I was disappointed to read that the Minneapolis City Council’s budget committee voted against consideration of a plan to recruit and retain police officers (“A cold shoulder for Mpls. police plan,” Nov. 15). Minneapolis voters spoke out two years ago that they support a fully funded and functional police force. It seems to me that Council Member Emily Koski, budget committee chair, must not have been paying attention the past few months if she felt she needed to not only refuse to consider the mayor’s request but also rebuke him for not coming to the committee six months ago. It seems to me that we’ve been aware the mayor and Minneapolis Police Chief Brian O’Hara have been working on a plans to better recruit and retain police officers. Building a city budget is not an easy task, but just because this specific plan might have taken longer to work out before being presented to the budget committee is not a good reason for it to be rejected. (Opinion editor’s note: The council also voted down the proposal at a special meeting Nov. 17.)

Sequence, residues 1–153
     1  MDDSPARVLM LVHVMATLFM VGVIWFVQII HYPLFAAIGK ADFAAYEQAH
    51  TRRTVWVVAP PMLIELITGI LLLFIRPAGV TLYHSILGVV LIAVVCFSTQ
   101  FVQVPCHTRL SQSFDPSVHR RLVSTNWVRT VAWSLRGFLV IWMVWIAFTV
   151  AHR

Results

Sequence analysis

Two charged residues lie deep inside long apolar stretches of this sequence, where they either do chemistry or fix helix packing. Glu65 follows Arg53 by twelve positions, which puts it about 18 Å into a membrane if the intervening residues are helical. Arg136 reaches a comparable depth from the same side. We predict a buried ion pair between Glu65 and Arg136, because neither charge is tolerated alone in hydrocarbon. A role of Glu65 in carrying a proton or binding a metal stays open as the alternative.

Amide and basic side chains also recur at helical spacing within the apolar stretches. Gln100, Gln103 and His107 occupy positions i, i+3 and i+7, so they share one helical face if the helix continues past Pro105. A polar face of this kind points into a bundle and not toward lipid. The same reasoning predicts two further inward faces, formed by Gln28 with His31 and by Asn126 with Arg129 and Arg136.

The voters who supported a full police force for Minneapolis knew that our taxes would be needed to make this happen. It sounds to me as if the mayor and police chief found a state fund to pay for this plan. Why make the residents of Minneapolis wait even longer to get back to the appropriate number of police officers we need to protect and serve the city?
Robin Melville, Minneapolis
The City Council budget committee’s refusal to spend the $15 million requested for retention and recruitment bonuses jeopardizes community safety. This budget request allows the Police Department to retain current officers and recruit candidates who can serve and protect the community with empathy toward all the constituents. The council members need to put their egos behind them and do what is best for Minneapolis.